Many more things have happened today but they all seem to reinforce Rabibdranath Tagore’s gloomy approach to his observations of life in Bengal. And that was over a hundred years ago. “T’was ever thus and thus will ever be”. Tagore didn’t say that. It comes from ‘Dead Poets Society’. I hope it’s not true.
There is a beautiful marigold half moon hanging over CRP as I call it a day.
Today we set off at 9.30 – or some-time after – to meet an 18 y.o. young man in Dhaka suffering from cerebral palsy. Time and energy and space don’t allow to give this story justice. The boys condition is dire. I have rarely seen anything so distressing, but his loving and intelligent, educated and devoted family believe he has an exceptionally sharp mind and want the best for him which they believe is to be found outside Bangladesh. Oh dear, oh dear, they are probably right on both counts but it’s impossible. I have said I will talk to a paediatric physio. in the UK and email any good ideas. We left with a heavy heart to go briefly to ‘Arong’ – a rather smart handicraft shop in Dhaka, which claims to help artisans across Bangladesh by providing an outlet for their crafts.
Our second visit was fascinating too, but much more optimistic, since the young woman’s paralysis was due to T.B. which since it is being treated the paralysis is improving. She also has a job when she chooses to take it up in the local Madrassa run by her Uncle and Aunt.
Perhaps the most interesting bit of the afternoon was the journey through the outskirts of Dhaka and through the ‘tanning’ area. Phew what a smell!
We awoke to a bright sunny day, blue sky and dry paths. But the idea that this might mean lower humidity was a delusion. The day proved hot and sweaty and exhausting – but not without rewards.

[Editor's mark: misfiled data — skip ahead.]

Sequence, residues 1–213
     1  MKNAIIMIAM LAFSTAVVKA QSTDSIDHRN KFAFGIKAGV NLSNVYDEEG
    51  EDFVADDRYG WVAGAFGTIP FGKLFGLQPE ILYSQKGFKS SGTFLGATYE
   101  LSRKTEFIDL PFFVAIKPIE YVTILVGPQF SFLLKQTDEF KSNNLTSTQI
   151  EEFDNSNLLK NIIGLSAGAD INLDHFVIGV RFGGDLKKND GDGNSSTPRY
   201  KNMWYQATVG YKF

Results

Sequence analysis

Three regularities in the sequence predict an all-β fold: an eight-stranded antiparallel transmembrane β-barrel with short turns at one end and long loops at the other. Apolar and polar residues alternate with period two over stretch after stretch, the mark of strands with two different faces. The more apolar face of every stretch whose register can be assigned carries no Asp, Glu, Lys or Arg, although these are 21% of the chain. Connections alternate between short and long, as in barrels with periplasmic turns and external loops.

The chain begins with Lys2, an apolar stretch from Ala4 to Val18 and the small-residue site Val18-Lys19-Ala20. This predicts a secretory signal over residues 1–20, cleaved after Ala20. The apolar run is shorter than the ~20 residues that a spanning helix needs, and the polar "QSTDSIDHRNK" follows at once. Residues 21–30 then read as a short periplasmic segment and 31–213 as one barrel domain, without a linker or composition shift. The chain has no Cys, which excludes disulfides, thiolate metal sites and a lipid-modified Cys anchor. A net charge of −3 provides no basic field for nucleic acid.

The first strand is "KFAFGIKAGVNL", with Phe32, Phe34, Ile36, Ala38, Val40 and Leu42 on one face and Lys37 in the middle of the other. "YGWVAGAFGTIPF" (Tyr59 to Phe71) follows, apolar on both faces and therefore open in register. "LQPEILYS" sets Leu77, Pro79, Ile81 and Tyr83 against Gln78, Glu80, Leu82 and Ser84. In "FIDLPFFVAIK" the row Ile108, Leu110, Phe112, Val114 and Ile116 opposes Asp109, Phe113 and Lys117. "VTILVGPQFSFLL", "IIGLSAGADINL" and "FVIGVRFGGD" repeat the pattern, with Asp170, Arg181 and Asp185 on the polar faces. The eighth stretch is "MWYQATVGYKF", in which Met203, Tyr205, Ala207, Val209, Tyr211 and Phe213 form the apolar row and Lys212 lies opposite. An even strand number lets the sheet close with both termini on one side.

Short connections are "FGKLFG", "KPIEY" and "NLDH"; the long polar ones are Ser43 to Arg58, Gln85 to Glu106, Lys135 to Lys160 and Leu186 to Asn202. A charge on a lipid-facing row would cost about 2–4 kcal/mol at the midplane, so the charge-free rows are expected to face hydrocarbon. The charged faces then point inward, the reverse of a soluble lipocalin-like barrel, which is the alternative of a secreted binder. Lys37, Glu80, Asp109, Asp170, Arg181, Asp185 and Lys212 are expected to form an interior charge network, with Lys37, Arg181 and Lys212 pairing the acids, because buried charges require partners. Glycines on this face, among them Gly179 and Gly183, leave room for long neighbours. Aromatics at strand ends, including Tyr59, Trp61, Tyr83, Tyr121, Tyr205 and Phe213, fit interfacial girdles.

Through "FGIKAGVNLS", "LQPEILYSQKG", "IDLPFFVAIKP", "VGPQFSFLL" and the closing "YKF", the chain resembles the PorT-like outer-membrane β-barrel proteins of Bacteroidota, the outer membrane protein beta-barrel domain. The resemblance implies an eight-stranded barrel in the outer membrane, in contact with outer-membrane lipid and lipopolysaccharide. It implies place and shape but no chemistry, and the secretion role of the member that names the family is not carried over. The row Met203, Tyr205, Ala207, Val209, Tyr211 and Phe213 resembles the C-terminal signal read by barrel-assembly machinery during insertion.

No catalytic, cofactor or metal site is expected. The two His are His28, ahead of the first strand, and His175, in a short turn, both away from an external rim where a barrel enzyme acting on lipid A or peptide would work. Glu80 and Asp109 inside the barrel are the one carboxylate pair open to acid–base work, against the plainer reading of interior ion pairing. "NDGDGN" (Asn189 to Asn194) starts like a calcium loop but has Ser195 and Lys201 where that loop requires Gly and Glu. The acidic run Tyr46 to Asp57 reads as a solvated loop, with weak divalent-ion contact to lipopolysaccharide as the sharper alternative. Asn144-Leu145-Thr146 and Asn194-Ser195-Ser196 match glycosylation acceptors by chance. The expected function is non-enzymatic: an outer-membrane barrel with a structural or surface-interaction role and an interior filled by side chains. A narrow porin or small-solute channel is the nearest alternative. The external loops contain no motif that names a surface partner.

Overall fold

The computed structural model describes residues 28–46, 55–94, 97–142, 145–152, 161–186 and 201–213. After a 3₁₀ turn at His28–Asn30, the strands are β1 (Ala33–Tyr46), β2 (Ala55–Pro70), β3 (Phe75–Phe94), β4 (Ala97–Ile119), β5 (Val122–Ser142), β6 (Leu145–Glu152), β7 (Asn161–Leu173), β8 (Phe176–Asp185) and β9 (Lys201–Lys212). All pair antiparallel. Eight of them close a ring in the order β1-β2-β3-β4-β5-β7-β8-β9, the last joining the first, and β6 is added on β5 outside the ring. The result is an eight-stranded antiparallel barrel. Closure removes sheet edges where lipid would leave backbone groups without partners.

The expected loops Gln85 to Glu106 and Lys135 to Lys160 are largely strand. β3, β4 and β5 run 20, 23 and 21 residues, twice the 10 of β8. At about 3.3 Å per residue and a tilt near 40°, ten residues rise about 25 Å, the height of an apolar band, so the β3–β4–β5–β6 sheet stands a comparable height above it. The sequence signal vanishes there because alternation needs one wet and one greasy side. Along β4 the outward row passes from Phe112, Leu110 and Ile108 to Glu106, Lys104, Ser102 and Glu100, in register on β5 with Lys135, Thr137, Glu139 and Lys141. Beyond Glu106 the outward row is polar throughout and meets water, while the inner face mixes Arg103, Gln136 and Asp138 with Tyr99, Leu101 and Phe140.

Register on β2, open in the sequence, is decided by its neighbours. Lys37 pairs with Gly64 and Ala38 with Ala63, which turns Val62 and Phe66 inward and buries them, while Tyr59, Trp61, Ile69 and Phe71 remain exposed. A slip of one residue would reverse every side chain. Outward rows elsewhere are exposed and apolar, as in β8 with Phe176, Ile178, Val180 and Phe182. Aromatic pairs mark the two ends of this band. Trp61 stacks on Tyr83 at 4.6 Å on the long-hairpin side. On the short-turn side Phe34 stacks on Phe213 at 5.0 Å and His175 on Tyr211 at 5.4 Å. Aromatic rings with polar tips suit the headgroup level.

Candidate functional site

There has been a lot of trouble about the Eid hokidays. Since Elspeth and I have to complete our brief in three weeks to have a large part of the middle one gobbled up by holiday is disappointing. Elspeth and the film group, Ahad and others have had much discussion which seems to have lead to an amicable arrangement today. The dynamics have been complicated but the ‘students’ will get Eid and a day or two more on condition that they return with completed story boards and that they locate and study the manual their previous teacher, Loz, so beautifully prepared for them. And where their days don’t overlap the students who are here will get extra teaching and practice.
Ruma, Sobiha and Minu areready and waiting at 9.30 (office hours are from 8.00 am) which is a pleasure and relief since so many things don’t work out as one expects. The day went well, marked by good humour and hard work, as they set up and filmed short clips around the hospital and grounds. There is a great scope as anyone who has been here will know – trees, ponds, buildings, flowers, wide open concrete spaces, small intimate ones …….but perhaps that’s jumping the gun.
But I do love this place (CRP and the bazaar just outside). It is a community in a sense that has largely been lost in the UK. Everyone knows everyone and even in the shops of the bazaar I am making friends with the man who has an international phone facility; with the shopkeeper who sells toilet rolls and honey and note-books; with the vegetable seller and the tailor and the many children who ask as often as they see you ‘What is your name’ and then, ‘What is your country’. There is one special child who asks, ‘Hullo, what is my name’, and I really haven’t thought of a good answer.
Today I have sent my first email but only because Rafad took pity and helped me. Why is technology so difficult? Or why am I so inept? Perhaps part of the answer is that I really don’t mind being off the radar for three weeks. In the past holidays took one away from all the regular hassles (and pleasures), now nothing is further away than a text or an email. It’s a bit like having daffodils at Christmas and brussel sprouts all the year round! The effect is to diminish them. Here endeth ……
Another first today was to try the staff canteen. It was good food but not many people. You pay ‘up front’ so what your receipt says is what the server gives you.I didn’t understand the system so I ended up with a feast of rice, egg, fish, vegetable curry and dhal for 27taka(20p). Tomorrow my dinner will cost about 12p!
Before bed I watched a bit of a weepy film with poppy (Hugh Grant). She must be tough. No tears from her. I should have got some tissues but my una sufficed.